‘Food as Healing’ continues speaker series


Jillian Wells, Staff Writer

Gannon University’s CHESS Speaker series continued Thursday with Shane Bernardo’s “Food as Healing” on the third floor of Palumbo Center.

According to Emily Cummings, communications specialist in the College of Humanities, Education and Social Sciences, the Reinventing Right Now speaker series is about trying to navigate a world changed by a global pandemic and gaining new perspective in that world.

“Shane Bernardo is an advocate for food justice and wants to change the way we think about growing and consuming food which is a great fit for what the series is trying to accomplish,” said Cummings.

Food as Healing is a social movement centered on ancestors and spiritual traditions to create a sense of belonging and integrity.

Bernardo, who grew up working in his family’s grocery store and helping to nourish Southeast Asian, West African and African Caribbean cultures in his community, founded Food as Healing to carry on this work.

The movement practices using food as mediums for healing. It emphasizes the lived experiences of human ancestors and the importance of food being a spirit-based tradition that aids in decolonization and healing from internalized oppression.

It also focuses on the relationship between food and social justice and the intersections of food, health, healing and spirituality.

“Food as healing is a framework, it’s an ideology, and could be seen as social movement, it is so much larger than any one store,” Bernardo said.

“Food as Healing is attempting to reclaim our ancestorial traditions around land, and food serves as a proxy for our relationships to our ancestors and land.

“Especially for those who cannot access and practice ancestorial land-based practices.”

Throughout Bernardo’s presentation, he shared many personal stories and the importance of getting back to our roots.

Bernardo used the word “Kapwa” to define the purpose of food as healing.

Kapwa is defined as “being shared with others.” This interconnectedness was a point that Bernardo emphasized during his presentation.

Mapping our ancestry and finding a connection to not only each other, but also to our environment and the Earth allows for a broader understanding on how to right historical wrongdoings.

This can be achieved through interconnectedness and, thus, Kapwa.

Part of having a connection to the Earth is showing reverence to the land and water. Bernardo mentioned that land and water are sentient beings.

As such, land and water should not be considered commodities or something to be owned, as this takes away their integrity as sentient beings.

Dawn Bohulano Mabalon, a historian who documented Filipino-American histories and is an inspiration to Bernardo, was brought up quite a bit during his presentation.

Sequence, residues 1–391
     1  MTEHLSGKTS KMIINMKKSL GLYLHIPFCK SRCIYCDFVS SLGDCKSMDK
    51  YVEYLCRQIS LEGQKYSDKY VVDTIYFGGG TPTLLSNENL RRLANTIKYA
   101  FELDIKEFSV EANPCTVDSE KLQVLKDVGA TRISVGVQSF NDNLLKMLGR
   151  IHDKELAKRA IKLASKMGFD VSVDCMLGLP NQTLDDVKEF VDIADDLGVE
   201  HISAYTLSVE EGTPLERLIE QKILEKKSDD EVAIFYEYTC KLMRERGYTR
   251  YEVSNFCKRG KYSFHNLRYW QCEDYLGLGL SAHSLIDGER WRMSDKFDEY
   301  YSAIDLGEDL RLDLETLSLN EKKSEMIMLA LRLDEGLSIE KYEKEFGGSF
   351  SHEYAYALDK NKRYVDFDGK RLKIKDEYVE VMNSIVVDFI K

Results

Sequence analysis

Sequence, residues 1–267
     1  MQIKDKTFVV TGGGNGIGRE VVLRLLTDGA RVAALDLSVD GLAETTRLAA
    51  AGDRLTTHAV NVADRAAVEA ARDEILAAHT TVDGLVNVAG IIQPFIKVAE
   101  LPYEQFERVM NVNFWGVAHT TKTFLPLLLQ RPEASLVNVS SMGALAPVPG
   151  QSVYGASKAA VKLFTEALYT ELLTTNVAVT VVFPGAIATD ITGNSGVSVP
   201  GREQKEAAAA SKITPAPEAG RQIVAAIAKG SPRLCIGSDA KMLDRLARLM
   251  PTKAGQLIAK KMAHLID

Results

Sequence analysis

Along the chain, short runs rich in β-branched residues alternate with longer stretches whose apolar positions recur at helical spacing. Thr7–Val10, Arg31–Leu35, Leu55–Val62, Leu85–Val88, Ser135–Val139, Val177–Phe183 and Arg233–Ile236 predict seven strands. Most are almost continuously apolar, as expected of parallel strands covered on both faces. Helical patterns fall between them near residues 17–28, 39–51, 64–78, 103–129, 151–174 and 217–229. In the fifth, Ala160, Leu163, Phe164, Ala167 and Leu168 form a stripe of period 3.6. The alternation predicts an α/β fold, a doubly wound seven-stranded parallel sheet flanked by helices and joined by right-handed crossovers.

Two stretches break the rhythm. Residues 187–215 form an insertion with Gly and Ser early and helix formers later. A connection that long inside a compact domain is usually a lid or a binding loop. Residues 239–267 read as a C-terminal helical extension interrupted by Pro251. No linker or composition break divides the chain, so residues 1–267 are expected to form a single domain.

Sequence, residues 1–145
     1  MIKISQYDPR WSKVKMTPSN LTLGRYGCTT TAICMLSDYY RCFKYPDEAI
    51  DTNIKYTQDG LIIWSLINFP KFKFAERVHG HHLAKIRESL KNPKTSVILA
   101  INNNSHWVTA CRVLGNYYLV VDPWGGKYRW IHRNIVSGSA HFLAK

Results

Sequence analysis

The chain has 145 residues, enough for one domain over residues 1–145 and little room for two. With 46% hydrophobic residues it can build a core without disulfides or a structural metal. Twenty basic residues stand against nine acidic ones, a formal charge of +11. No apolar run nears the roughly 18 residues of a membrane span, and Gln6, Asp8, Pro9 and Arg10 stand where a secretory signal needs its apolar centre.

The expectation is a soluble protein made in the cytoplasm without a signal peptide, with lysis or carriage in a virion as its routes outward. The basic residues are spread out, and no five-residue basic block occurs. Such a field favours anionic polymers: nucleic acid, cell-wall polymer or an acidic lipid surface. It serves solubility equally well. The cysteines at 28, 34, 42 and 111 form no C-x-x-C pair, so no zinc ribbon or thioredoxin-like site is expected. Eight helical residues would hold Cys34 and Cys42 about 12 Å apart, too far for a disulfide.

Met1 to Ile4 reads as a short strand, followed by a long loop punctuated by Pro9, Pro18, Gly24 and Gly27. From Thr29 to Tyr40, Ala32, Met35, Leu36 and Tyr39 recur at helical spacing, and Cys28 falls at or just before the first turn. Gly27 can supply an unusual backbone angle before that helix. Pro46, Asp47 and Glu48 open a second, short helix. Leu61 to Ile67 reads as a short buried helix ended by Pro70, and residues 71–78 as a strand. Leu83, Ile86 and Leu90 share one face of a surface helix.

Bernardo quoted Mabalon a number of times, and throughout the presentation there was one quote that was mainly focused on: “culture and traditions are living things that will continue to grow, change and evolve,”

As Bernardo brought up personal experiences and memories, there was one specifically about his father, and how this growth can be seen from his father’s actions.

His father moved from the Philippines all the way to Detroit. Even though it was a big change, his father did not let that affect him.

He decided to start gardening once he got to Detroit, so he could remain connected to the Earth in this new environment; by doing so, he said that his father felt grounded.

Thus, for him, food became healing.

Bernardo also grows plants in his own backyard, creating a tradition of being grounded in growing his own food.

This response is a very important thing to both Bernardo and his father, and Bernardo wants to make it known and spread the awareness towards other people as well.

After the initial presentation, Bernardo held a question-and-answer section. Most of the students who responded to this talked about their different stories and experiences and how they were able to relate back to Bernardo’s presentation.

Bernardo told the audience that Food as Healing is about harvesting and sharing seeds and the significance it holds.

“When we harvest and share seeds, we help maintain a certain level of intimacy with those foods, rather than just consuming and questioning where the seeds came from, or how it was manufactured,” Bernardo said.

“When we save and harvest our own seeds, we allow ourselves to remain in relationship over the course of that seed’s life.

“It’s not just about eating the fruits or leaves of those seeds but being in relationship during its whole lifespan. Much like how we would with our own family members.”

Food as Healing was the fourth event in the 2021-2022 CHESS Speaker Series; with two more events to follow on Saturday and Nov. 15.

To learn more about the Food as Healing social movement, visit www.foodashealing.com.